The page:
Jesus is Crucified
Jesus is pale and weary from blood loss. As He is stretched out on the cross, He watches the Roman soldier nail the sign of accusation against Him. Pilate had the sign written in three languages, Aramaic, Latin, and Greek. In English it reads: “Jesus of Nazareth King of the Jews.” This is how Jesus is labeled by His accusers. Intended as an insult and mockery, these words are the first things ever written directly about Jesus. Think of that; Pilate’s words about Jesus are actually the first Gospel account in a very condensed form, just seven words. Jesus is indeed from Nazareth, raised as the son of a carpenter: He is the Son of Man. He is also called the Son of David, and as such is the King of the Jews.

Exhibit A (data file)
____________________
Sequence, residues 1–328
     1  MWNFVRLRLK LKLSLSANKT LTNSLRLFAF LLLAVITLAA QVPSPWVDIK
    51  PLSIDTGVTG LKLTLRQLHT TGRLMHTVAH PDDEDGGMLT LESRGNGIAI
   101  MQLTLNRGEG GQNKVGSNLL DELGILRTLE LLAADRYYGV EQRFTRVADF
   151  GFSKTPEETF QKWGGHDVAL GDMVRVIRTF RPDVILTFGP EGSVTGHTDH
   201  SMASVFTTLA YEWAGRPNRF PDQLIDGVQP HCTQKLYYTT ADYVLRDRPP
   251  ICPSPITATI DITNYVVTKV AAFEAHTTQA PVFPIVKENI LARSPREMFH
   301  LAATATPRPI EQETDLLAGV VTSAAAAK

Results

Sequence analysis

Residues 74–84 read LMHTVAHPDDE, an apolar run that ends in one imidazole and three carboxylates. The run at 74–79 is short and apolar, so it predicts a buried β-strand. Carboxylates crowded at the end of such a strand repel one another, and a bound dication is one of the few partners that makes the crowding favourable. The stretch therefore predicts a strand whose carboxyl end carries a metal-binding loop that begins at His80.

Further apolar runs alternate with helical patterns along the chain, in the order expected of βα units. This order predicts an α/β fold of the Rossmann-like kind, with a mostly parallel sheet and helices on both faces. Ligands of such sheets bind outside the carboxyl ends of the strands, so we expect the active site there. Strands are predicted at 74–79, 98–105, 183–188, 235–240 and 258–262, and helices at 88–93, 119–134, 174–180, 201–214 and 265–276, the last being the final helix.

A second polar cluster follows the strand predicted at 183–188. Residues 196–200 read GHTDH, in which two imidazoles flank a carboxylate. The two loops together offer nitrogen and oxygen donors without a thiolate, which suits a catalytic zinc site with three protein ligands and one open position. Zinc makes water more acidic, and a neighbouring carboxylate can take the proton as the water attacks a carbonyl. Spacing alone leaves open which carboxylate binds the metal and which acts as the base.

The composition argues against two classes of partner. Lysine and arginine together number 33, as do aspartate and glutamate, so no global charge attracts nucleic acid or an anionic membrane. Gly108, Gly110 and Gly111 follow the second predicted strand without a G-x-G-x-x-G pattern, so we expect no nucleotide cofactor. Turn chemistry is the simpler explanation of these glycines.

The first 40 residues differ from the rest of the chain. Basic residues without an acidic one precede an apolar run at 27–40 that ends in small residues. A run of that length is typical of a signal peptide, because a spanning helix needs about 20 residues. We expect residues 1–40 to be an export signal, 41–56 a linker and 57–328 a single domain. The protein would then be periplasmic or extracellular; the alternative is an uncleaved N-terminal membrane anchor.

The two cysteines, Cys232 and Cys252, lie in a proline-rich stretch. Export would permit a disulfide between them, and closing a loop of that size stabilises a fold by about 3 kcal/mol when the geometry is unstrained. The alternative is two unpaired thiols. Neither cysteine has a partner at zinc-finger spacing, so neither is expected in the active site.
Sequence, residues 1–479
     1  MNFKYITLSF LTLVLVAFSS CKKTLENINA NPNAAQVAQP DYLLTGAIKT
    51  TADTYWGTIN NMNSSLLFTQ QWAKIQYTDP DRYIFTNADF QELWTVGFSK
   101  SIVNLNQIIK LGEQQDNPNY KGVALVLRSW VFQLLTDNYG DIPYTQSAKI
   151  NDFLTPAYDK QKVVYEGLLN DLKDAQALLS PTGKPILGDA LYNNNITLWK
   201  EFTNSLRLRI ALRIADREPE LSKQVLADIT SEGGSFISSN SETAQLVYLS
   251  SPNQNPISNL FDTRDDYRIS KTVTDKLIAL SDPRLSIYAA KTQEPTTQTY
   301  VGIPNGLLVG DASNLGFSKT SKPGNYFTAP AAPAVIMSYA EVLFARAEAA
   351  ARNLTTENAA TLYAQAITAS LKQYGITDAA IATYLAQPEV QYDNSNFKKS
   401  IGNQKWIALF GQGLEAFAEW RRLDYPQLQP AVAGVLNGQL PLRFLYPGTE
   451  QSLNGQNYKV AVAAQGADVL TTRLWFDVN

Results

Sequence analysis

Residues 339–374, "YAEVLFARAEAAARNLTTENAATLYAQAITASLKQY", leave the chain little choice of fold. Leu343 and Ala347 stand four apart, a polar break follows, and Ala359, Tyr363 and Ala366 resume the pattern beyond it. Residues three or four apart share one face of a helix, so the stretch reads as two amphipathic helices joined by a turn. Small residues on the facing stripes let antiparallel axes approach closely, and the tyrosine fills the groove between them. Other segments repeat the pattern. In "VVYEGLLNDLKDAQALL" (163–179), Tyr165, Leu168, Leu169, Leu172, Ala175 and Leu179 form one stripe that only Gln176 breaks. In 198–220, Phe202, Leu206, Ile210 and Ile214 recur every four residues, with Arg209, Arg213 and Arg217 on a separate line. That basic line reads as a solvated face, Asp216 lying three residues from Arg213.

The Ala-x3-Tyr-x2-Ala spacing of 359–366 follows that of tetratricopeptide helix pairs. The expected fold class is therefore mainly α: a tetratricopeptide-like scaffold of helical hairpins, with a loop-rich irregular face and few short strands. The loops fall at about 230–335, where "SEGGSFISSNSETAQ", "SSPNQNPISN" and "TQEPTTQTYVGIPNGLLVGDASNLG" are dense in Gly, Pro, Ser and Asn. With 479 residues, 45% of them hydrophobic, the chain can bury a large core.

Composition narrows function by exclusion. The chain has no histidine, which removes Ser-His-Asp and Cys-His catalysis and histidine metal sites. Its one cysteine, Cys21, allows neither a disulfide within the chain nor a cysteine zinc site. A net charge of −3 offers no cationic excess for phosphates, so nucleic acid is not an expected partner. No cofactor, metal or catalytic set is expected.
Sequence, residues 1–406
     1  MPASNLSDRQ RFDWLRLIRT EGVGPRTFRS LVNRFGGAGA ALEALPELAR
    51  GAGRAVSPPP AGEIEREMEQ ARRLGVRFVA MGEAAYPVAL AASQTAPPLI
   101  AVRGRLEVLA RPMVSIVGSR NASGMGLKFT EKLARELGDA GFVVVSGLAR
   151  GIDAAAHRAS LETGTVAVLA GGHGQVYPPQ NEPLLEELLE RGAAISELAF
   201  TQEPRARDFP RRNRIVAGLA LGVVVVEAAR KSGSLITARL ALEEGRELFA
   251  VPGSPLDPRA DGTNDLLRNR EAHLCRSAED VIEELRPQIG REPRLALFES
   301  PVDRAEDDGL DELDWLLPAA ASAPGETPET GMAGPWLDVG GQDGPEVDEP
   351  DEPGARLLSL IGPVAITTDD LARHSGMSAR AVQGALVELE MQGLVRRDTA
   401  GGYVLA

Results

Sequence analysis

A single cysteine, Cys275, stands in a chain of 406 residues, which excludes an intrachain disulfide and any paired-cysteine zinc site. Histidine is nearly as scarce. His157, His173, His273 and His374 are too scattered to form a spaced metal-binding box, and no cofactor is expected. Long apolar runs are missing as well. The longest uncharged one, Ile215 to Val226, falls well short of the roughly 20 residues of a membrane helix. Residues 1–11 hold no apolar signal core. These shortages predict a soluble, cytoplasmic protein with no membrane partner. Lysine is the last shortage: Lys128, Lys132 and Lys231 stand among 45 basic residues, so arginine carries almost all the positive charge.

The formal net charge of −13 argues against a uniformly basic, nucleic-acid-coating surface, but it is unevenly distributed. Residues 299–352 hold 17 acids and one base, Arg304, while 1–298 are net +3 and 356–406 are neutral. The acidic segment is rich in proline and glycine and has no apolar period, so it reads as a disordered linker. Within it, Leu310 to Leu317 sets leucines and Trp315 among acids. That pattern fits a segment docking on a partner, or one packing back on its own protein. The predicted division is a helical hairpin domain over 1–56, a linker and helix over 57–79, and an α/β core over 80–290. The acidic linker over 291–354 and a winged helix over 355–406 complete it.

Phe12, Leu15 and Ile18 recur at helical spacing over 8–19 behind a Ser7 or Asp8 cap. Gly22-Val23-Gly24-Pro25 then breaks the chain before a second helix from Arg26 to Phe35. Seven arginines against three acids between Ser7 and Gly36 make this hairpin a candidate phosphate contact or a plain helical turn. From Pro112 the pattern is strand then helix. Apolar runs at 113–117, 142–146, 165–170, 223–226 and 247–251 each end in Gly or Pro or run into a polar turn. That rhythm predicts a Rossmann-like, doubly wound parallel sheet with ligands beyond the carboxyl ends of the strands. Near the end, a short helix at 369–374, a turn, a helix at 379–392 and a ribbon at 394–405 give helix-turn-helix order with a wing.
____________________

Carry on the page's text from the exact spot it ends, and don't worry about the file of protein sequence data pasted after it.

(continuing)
Whenever a word or phrase is repeated in two (and in this case, three) languages in scripture, I see it as spiritual “highlighting,” using language as a way to get my attention. These languages express three different influential social arenas. Aramaic (similar to Hebrew), was spoken by the Jews, who were greatly oppressed by the the Roman empire. Latin was associated with the Roman government and military, while Greek was the common language of the time, used for culture and commerce. Whatever our realm of influence is, be it spiritual, governmental, military, cultural, or commercial, the life, death, and resurrection of Jesus carry great significance and meaning for us.